Management of the pharmaceutical supply chain has become one of the top public health concerns with respect to consumer safety. The globalization of distribution for both drug components and finished products has introduced many complications that to date have yet to be resolved. Unethical players and noncompliant companies along the supply chain can introduce counterfeited, adulterated and contaminated materials, often with tragic consequences. Naturally, such incidents lead to a loud and swift reaction from the public, the health authorities and the policy makers.
As regulators, pharmaceutical executives, supplier executives and members of professional organizations, our ultimate mission is to serve patients. Millions of people around the world are treated everyday with the vital medicines that we collectively provide. That is what we do. However, the threats to the supply chain have not only prevented us from treating patients, but have caused the deaths of hundreds if not thousands of the individuals we are trying to serve.
In order to achieve this mission, we require secure and reliable supply chains that deliver the right materials at the right quality so that these vital medicines can be trusted by health care practitioners and patients.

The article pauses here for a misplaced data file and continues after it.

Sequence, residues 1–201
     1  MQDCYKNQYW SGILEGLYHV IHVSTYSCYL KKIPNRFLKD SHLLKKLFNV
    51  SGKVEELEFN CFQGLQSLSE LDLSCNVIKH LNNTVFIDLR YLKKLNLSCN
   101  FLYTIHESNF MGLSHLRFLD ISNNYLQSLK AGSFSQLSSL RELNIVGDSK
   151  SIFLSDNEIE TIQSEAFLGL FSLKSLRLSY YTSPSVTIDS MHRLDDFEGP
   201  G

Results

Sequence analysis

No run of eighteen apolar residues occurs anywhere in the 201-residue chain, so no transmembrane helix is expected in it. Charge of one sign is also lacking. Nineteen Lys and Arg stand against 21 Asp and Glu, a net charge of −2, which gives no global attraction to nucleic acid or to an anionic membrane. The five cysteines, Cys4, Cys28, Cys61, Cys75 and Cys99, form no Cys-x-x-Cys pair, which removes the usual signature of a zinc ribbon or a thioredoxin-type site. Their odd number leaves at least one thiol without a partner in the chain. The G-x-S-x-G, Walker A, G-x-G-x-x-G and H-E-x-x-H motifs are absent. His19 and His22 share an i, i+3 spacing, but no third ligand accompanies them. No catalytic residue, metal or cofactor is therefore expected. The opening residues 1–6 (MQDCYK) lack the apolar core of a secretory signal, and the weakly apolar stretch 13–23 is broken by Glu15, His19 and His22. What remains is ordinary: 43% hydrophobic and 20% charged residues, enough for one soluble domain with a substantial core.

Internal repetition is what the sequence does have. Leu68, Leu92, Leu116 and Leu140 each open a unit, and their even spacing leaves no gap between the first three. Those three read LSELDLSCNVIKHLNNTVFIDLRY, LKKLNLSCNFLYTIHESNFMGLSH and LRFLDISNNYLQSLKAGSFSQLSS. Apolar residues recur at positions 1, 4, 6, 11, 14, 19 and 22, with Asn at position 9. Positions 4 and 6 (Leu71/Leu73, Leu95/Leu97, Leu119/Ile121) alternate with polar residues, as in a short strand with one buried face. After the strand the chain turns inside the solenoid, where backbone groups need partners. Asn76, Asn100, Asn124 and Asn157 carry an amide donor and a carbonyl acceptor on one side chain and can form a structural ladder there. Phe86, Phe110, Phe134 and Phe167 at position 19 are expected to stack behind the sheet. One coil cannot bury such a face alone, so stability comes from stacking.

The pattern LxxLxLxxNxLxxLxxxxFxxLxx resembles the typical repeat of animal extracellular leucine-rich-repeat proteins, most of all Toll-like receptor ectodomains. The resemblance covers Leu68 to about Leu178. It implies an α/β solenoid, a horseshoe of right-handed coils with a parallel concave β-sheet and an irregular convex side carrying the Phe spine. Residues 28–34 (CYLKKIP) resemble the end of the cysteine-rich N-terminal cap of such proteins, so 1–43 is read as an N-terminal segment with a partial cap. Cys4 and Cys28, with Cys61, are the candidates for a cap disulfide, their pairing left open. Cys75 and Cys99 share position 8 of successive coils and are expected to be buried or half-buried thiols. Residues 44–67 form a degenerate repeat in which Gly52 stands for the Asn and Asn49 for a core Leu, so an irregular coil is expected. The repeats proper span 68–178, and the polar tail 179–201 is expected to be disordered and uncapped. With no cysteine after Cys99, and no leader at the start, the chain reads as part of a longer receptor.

Legislators, regulators, and other organizations around the world are developing and implementing local measures to curtail these activities or mitigate their impact. A global consortium will complement these efforts and deliver a level of consistency and scope world-wide, that local measures cannot achieve.
In support of its mission to develop and implement enhanced global quality systems and processes to help members ensure product quality and authenticity throughout their supply chains, the Consortium may undertake the following activities:
(i) development of voluntary standards for the quality and authenticity of supplies and suppliers;
(ii) development and implementation of audit standards and auditor training and certification regarding the quality and authenticity of supplies and suppliers;
(iii) joint development of technologies to enhance the quality and authenticity of supplies;
(iv) development and implementation of a method for exchanging among members public information regarding the quality and authenticity of supplies and suppliers and non-public information regarding the quality and authenticity of supplies and suppliers that could adversely impact patient health or welfare; and
(v) adoption of a seal for use by members that meet the Consortium’s standards.